Intelligent Terrain

length: 00:00:00


UKAI Projects led a land-centered residency drawing on terrain near Wakefield, Quebec. During this residency, interdisciplinary artists individually and (where safe) collectively explored cognitive technology’s relationship to land and imagined approaches that bring us into a closer relationship with our environment while working toward the preservation of our world for future generations.


Toronto, ON
Wakefield, PQ


Canada Council for the Arts

in partnership with:

Ferme Lanthon

collaborators and artists-in-residence:

Dan Tapper

Noelle Perdue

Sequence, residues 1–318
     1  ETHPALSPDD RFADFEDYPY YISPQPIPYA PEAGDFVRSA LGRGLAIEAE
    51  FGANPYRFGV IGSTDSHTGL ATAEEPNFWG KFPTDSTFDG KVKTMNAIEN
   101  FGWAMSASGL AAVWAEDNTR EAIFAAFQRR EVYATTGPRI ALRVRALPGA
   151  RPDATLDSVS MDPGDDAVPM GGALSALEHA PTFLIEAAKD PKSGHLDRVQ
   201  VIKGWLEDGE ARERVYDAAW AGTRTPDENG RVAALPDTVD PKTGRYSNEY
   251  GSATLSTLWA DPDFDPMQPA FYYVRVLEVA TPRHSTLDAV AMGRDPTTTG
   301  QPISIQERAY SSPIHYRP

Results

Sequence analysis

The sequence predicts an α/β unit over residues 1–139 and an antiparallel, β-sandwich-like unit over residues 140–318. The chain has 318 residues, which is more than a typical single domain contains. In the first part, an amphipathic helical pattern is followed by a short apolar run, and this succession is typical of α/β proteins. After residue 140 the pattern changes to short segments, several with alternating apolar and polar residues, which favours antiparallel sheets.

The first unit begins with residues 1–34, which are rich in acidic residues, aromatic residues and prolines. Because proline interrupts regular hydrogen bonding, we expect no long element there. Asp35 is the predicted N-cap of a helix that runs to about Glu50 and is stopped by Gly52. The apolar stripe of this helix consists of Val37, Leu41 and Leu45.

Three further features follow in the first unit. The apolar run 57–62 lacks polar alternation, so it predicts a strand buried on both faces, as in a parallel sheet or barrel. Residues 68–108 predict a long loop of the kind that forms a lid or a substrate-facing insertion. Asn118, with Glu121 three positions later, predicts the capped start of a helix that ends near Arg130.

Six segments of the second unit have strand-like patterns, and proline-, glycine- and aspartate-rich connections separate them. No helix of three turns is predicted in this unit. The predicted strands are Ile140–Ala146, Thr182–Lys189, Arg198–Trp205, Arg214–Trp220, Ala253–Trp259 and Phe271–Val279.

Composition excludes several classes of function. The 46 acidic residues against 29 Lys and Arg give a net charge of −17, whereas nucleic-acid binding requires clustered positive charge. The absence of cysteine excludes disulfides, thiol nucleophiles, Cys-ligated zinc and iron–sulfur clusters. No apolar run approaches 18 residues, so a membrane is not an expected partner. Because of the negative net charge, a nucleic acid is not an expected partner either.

Hooria Rahimi


outdoor installation
digital hosting


Maria Simmons
Luisa Ji
Kasra Goodarznezhad
Jerrold McGrath

showing 1 - 2 of 2 responses to this question

Just as we inhabit our physical bodies, we inhabit landscapes and live within and from them. We have seen the impact of failing to acknowledge our entanglement with natural systems. From stone tablets to silicon chips, intelligent machines are not further away from the land than an engraved piece of stone. To varying degrees, we are organized by our landscapes, and how might land inform AI’s development and our responses to it? How might we change the focus of surveillance from monitoring and control to understanding the relationships among people and environments? How might traditional knowledge and stewardship underpin ethical AI?